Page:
When Gov. Tim Walz extended his executive order barring inside dining and drinking at restaurants and bars nearly two weeks ago, dozens of those businesses publicly pledged to ignore the rules.
But word quickly got out that complying was not negotiable.
When the Minnesota Attorney General’s office learned an establishment was opening up, it took action, threatening fines and suspension of liquor licenses.
But Reopen Minnesota Coalition organizer Darius Teichroew says the protest and defiance continues, just much more quietly.
“I hear about different ones almost daily that are open,” Teichroew said. “Maybe their front door’s locked, but their back door’s open and people are going to have a drink and hang out with friends. So there’s a lot that are doing it clandestinely as well.”
Opponents of the Walz no inside drinking or dining order call it “draconian.” Metro-area attorney Mike Padden represents some businesses facing legal action from the State of Minnesota for allegedly violating the order.
“The bottom line argument is that the governor of the state of Minnesota does not have the authority to do what he’s doing,” Padden said.
Padden insists the law is on his clients' side.
“There are numerous constitutional arguments, perhaps the most important is an equal protection argument which kicks in not only the U.S. Constitution but the Minnesota Constitution,” Padden said. “The equal protection argument has to do with things like, for example, bars and restaurants at the airport are open.”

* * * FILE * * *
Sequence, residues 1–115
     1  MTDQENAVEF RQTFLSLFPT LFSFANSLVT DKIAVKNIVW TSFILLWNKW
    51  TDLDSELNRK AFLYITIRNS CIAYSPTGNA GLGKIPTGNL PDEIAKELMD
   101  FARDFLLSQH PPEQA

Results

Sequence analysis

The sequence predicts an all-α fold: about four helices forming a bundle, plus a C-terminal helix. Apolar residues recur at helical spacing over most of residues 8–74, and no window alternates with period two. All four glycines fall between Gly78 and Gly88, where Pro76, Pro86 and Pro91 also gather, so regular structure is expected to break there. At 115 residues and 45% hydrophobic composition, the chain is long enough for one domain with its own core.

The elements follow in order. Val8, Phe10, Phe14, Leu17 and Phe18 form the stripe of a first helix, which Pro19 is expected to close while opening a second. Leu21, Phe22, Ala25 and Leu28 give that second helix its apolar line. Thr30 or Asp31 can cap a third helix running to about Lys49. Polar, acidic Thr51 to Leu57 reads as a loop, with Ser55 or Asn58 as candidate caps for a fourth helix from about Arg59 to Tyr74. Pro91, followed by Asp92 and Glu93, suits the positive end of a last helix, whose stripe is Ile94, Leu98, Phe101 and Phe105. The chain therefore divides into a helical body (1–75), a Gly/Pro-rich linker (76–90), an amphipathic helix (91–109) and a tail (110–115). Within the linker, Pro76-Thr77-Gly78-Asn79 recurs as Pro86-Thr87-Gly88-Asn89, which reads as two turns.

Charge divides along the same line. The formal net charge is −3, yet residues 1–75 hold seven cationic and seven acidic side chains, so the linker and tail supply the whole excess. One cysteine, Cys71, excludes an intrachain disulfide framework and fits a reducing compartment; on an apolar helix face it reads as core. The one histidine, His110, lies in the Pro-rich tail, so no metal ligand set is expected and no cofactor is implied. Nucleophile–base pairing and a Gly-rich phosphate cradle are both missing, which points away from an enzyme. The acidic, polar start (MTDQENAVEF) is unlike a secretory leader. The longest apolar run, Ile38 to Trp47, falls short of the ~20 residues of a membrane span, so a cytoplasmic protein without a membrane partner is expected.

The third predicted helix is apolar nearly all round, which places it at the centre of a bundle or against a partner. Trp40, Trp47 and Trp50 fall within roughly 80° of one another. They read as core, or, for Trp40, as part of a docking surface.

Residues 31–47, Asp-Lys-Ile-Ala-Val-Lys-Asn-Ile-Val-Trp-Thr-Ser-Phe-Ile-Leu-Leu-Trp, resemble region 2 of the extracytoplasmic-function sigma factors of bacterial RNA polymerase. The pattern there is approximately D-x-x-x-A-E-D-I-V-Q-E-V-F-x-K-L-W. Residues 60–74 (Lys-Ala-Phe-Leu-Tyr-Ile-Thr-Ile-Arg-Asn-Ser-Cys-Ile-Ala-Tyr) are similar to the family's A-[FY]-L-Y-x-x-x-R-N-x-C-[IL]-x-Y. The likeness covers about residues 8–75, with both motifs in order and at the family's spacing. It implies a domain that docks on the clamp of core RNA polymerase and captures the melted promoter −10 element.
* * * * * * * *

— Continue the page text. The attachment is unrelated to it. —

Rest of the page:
Minnesota Attorney General Keith Ellison said Padden’s argument is without merit.
“I think he better talk to every single court we’ve talked to because they have upheld the governor’s authority time after time after time,” Ellison said.
Ellison said when his office learns a business is violating the order it offers an easy way out — no penalties provided the business agrees to immediately get in compliance.
“What we’re doing is trying to protect people from COVID. We’re not trying to penalize anybody. We’re not trying to punish anybody,” Ellison said.
Ellison said his office has had nearly 1,000 conversations with businesses suspected to be operating in violation of the emergency restrictions.
He said less than a dozen have escalated to legal action.
One of the Minnesota businesses that’s battling the state is the Little Gourmet Deli in Virginia, Minn., on the Iron Range.
Owner Mary Beth Petruska said that closing restaurants doesn’t make sense to her.
“You can go to Black Friday and stand in line and you can fight over a 70-inch flat screen TV with 50 people you don’t know,” she said. “But you can’t come into my little deli. You can’t go into the local bar. It’s not fair.”
State health officials argue that the problem is the increased likelihood of infection caused by prolonged exposure to people eating and drinking together.
The governor’s office said he plans to give an update on the restaurant and bar restrictions next week.
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